In today’s community, the average assisted living resident is older than 85 and is taking nine different medications. Additionally, 75% of current assisted living residents require support with activities of daily living (ADLs), such as bathing, dressing, eating, and toileting. That’s very different from the assisted living residents of years past. Modern assisted living residents, in other words, aren’t just older adults who need reminders to take a medication or two; they often include older adults with significant care needs that must be carefully managed.
Longtime senior living providers have had to adjust their overall strategies to guarantee that they’re staffed to properly care for this new demographic of residents — and to guarantee that they’ll stay in business as the average resident profile continues to change. After all, the inability to provide today’s residents with the high-quality care they need won’t just cost providers valuable residents, but it will also cost the healthcare system in the long run.
Let us explain.
Say just one hypothetical assisted living resident fails to take his or her medications on any given day. Perhaps that resident did take a couple of medications, but they were medications meant for someone else; perhaps the thought to give that resident his or her medications simply slipped the mind of a new staff member. In any case, a resident didn’t receive the care he or she signed up for — and his or her’s health is consequently put at risk.
If this mistake goes unnoticed, that resident could face unexpected health issues that may be too complicated for an assisted living setting to successfully manage — resulting in that resident being transferred either to a hospital or skilled nursing facility.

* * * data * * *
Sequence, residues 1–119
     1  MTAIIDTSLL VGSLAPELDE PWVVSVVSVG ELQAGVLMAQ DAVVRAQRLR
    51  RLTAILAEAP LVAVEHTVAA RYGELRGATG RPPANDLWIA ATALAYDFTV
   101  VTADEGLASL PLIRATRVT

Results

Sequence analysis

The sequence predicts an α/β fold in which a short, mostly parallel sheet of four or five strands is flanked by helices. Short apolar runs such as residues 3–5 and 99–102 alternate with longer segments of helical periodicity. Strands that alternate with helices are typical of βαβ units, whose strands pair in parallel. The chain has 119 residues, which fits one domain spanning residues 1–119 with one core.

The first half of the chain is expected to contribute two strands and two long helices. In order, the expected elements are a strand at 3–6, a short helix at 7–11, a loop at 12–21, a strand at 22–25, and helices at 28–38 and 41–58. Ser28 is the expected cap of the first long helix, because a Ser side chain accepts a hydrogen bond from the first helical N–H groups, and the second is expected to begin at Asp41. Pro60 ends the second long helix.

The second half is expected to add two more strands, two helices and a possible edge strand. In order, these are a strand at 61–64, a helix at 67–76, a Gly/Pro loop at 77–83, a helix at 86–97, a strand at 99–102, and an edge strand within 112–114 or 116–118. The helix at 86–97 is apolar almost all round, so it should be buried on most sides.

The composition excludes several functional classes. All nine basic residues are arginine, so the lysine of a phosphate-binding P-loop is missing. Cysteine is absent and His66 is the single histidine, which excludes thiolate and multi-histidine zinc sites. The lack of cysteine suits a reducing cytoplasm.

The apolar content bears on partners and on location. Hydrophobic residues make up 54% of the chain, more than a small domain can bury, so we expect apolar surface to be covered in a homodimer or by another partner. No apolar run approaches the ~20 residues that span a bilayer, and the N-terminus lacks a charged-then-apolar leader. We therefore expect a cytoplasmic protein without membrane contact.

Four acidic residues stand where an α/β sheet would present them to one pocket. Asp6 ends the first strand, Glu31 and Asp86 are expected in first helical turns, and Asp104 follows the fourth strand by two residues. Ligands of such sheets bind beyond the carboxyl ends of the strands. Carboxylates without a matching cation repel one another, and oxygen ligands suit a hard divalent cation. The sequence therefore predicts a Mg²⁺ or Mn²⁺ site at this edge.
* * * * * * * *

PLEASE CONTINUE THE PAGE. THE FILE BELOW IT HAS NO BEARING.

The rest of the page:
When this happens, it not only reflects poorly on the assisted living community, but that community loses a paying customer. At the same time, more costs will have to be spent to care for that resident in other settings, as that resident needs to stabilize before returning to another assisted living community.
In other words, the services assisted living caregivers provide — and the quality of those services — will determine how well each and every resident ages, and whether or not they have to transition between care settings. That’s why it’s critical that assisted living providers strive to provide, and succeed in delivering, the best possible care to all of their residents, especially when residents nowadays are taking an average of nine medications.
Luckily, having an electronic health record (EHR) will help senior living staff accomplish this. With an EHR, all of a resident’s health information — as well as most of their dietary, activity and wellness preferences — can be easily accessed by any caregiver or community administrator, whenever they need it. It will be glaringly obvious when a resident misses his or her medication, and changes in a resident’s health condition will be more obvious.
Learn more about how leading assisted living communities are leveraging EHR technology to keep their residents healthy by reading Using Data to Make Informed Decisions: The Future of Senior Care.Tags: assisted livingbenefits of an EHRcollaborationsenior care trendssenior living community